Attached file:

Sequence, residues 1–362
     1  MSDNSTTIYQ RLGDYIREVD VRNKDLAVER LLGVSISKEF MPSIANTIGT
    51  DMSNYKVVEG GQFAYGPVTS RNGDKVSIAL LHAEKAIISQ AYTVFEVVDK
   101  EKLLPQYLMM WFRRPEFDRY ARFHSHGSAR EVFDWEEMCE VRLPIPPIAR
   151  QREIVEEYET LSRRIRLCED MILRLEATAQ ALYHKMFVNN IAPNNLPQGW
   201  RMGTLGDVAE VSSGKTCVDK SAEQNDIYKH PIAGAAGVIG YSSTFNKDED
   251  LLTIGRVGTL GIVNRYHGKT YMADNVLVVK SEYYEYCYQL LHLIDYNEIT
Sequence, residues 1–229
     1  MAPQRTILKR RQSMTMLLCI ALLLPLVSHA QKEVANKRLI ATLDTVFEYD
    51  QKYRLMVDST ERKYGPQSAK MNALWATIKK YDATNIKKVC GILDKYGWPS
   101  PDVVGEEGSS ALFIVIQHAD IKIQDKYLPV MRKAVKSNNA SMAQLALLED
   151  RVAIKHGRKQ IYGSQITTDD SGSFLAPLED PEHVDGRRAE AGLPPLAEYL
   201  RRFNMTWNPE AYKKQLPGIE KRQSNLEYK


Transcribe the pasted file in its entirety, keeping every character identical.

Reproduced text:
Sequence, residues 1–362
     1  MSDNSTTIYQ RLGDYIREVD VRNKDLAVER LLGVSISKEF MPSIANTIGT
    51  DMSNYKVVEG GQFAYGPVTS RNGDKVSIAL LHAEKAIISQ AYTVFEVVDK
   101  EKLLPQYLMM WFRRPEFDRY ARFHSHGSAR EVFDWEEMCE VRLPIPPIAR
   151  QREIVEEYET LSRRIRLCED MILRLEATAQ ALYHKMFVNN IAPNNLPQGW
   201  RMGTLGDVAE VSSGKTCVDK SAEQNDIYKH PIAGAAGVIG YSSTFNKDED
   251  LLTIGRVGTL GIVNRYHGKT YMADNVLVVK SEYYEYCYQL LHLIDYNEIT
Sequence, residues 1–229
     1  MAPQRTILKR RQSMTMLLCI ALLLPLVSHA QKEVANKRLI ATLDTVFEYD
    51  QKYRLMVDST ERKYGPQSAK MNALWATIKK YDATNIKKVC GILDKYGWPS
   101  PDVVGEEGSS ALFIVIQHAD IKIQDKYLPV MRKAVKSNNA SMAQLALLED
   151  RVAIKHGRKQ IYGSQITTDD SGSFLAPLED PEHVDGRRAE AGLPPLAEYL
   201  RRFNMTWNPE AYKKQLPGIE KRQSNLEYK